"The guy screwed us," complains Ruth Wharton, wife of the spicy Sauce Boss. "[Koss] was supposed to send back contracts and a deposit by a certain date. The contracts never came, and he never answered the phone."
It's well-known around these parts that the Sauce Boss will play anywhere, anytime if the money's right. So his cancellation was bad omen enough, but the Fort Lauderdale-based Hello Goodbye's ta-ta seemed even more surprising. If Koss couldn't pull even second-tier cover bands to his first Florida Music Awards, did he stand a slug's chance in a salt mine of actually making the event happen at all?
Somehow, against all odds (Phil Collins's bald pate probably had a better chance of filling in overnight), Koss refused to give up and the awards went on as promised. Only a hundred people, tops, made it to the Chili Pepper, but groups performed, awards were given, hands were clapped -- it almost seemed like a bona fide ceremony. Of course, no one Bandwidth spoke to regarding the event had seen a ballot or ballot box prior to the nominations, and the selections seemed peculiarly skewed toward South Florida acts, but it was hard to argue with the nominees or winners.
"Some of the musicians coming tonight are bigger and better than Britney Spears," Koss nervously stammered during the awards presentation. "Make sure when you clap that it's with authority, because these people deserve these awards!"
I guess after years of feeling underappreciated, Koss's strange display of affection was better than nothing for the participants. "It's so nice to see we're finally officiated by somebody," beamed singer Juanita Dixon, accepting her award for best female vocalist. Derek Cintron blew a kiss to his mom as he and his bandmates grabbed their trophy for best hard-rock artist, but problems with the sound equipment, he told Bandwidth, kept them from performing. Not sure what to expect, the smiling, shell-shocked Psycho Daisies -- winners of the pop/rock award -- emerged from retirement for a collective back-patting.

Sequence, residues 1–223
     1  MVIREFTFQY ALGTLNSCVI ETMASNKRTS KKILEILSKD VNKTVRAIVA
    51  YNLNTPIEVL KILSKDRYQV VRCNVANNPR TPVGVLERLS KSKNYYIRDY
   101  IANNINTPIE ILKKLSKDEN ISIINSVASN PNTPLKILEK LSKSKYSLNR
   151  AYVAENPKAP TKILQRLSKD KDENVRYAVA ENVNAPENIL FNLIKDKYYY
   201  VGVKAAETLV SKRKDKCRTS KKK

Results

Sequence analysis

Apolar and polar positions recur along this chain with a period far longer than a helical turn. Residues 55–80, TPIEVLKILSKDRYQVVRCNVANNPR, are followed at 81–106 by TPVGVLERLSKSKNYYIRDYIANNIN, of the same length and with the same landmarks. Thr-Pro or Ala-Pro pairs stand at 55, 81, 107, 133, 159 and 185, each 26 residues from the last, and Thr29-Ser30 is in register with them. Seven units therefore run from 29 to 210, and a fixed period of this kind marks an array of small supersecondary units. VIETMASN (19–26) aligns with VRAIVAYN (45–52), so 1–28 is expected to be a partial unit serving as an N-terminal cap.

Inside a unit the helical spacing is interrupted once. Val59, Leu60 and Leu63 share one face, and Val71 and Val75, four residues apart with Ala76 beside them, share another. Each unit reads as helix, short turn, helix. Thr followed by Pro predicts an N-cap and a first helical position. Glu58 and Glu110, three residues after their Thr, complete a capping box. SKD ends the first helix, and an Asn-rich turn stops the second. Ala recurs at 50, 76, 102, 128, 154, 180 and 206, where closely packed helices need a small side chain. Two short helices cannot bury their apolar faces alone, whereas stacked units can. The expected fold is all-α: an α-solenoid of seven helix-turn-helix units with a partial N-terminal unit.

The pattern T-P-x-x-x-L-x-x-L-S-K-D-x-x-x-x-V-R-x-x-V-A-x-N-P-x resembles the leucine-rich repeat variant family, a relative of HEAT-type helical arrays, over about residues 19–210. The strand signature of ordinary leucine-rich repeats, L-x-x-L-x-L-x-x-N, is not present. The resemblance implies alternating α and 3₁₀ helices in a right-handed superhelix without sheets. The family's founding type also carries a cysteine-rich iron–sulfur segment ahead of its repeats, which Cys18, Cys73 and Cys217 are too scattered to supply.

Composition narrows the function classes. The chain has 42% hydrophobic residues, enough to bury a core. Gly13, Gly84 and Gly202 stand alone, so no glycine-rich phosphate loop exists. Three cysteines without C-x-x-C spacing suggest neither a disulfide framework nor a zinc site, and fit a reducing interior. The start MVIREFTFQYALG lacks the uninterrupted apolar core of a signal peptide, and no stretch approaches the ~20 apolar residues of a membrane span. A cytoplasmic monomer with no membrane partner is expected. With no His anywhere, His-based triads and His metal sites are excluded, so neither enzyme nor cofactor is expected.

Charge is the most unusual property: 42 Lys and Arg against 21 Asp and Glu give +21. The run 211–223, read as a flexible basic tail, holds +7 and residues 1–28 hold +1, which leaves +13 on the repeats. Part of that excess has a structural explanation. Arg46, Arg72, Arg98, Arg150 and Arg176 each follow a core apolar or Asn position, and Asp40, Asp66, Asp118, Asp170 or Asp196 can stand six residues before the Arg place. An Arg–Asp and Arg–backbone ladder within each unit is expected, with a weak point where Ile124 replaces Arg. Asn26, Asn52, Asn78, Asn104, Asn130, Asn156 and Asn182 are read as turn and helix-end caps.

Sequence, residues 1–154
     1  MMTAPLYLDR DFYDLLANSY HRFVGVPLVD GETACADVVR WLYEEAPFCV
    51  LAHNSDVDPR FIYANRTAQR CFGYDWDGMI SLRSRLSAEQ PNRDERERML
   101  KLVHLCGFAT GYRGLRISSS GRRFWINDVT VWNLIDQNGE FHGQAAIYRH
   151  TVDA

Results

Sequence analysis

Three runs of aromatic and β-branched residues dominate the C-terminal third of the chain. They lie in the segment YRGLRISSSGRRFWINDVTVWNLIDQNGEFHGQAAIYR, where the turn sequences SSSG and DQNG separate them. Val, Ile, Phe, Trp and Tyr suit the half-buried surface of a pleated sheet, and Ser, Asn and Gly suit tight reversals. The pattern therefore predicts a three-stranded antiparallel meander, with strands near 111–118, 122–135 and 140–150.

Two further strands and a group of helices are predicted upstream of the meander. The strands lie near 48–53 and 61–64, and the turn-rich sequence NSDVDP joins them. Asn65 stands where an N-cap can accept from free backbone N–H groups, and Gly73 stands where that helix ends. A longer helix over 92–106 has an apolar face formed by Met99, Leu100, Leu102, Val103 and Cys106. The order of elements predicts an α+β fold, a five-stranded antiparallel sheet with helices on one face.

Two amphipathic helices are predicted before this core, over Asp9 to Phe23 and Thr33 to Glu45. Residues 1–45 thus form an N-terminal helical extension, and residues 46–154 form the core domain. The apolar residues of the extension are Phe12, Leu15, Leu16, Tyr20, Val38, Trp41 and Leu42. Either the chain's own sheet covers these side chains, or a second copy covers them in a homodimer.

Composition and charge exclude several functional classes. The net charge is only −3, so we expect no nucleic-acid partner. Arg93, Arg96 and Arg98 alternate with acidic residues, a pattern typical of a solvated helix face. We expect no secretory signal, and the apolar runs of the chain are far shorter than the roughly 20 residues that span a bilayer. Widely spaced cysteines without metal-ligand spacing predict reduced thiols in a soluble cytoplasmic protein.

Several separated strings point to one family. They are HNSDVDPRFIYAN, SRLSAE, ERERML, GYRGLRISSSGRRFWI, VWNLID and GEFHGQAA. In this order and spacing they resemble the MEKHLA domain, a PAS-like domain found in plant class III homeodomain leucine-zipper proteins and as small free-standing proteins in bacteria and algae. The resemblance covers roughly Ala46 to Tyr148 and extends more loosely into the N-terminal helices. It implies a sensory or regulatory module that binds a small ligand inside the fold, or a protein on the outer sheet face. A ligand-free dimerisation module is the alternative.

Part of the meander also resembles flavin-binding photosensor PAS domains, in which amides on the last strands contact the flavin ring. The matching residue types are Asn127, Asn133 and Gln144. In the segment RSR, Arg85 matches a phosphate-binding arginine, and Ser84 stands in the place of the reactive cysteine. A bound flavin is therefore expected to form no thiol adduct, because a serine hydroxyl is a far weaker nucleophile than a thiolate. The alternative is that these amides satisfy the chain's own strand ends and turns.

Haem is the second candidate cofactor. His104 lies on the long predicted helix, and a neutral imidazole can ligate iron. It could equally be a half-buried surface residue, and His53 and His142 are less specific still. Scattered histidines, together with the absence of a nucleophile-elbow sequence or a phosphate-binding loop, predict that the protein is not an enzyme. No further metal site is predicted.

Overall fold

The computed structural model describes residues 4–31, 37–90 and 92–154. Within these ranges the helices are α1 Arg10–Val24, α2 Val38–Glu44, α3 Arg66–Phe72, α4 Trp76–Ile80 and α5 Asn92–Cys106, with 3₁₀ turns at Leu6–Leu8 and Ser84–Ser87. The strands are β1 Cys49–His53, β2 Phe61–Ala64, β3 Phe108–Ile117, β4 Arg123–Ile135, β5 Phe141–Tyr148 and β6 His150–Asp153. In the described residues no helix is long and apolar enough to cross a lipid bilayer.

In short, it felt like the musical contributions made here were finally legitimized, even under circumstances as sketchy as these. And that felt good -- something everyone wants to see continue. "I was so excited, because it sounded like a really good idea," remembers Ruth Wharton. Actually, it's a great idea, and it's hard to imagine that Koss could have emerged from this year's experience without collecting a whole sack of suggestions on what not to do for next year. But he should take credit for making that night happen at all, especially when nearly every observer was waiting for the worst.
"I wouldn't recommend anybody doing an awards show," winces Jim Hayward, who ran the region's hard-rock-oriented Slammie Awards from 1992 until 1999. "You really have to know what you're doing."
Koss, who clearly didn't know what he was doing, says he's had experience with a small East Coast music award showcase a few years back. Maybe his previous attempts fared better than his Florida Music Awards, but at least he has a whole year in which to make improvements. In retrospect, the last-minute cancellation of the so-called big names just served to better illuminate hard-working talents close to home, even if some of them included teen-pop heroine TMarie and cruise-ship jazzsters Davis and Dow. Koss can make his ballots conspicuously public next time, focus strictly on our portion of the state, and look into the definitions of the terms catering, back line, monitors, and such in an effort to make next year's Florida Music Awards less likely to lack legitimacy.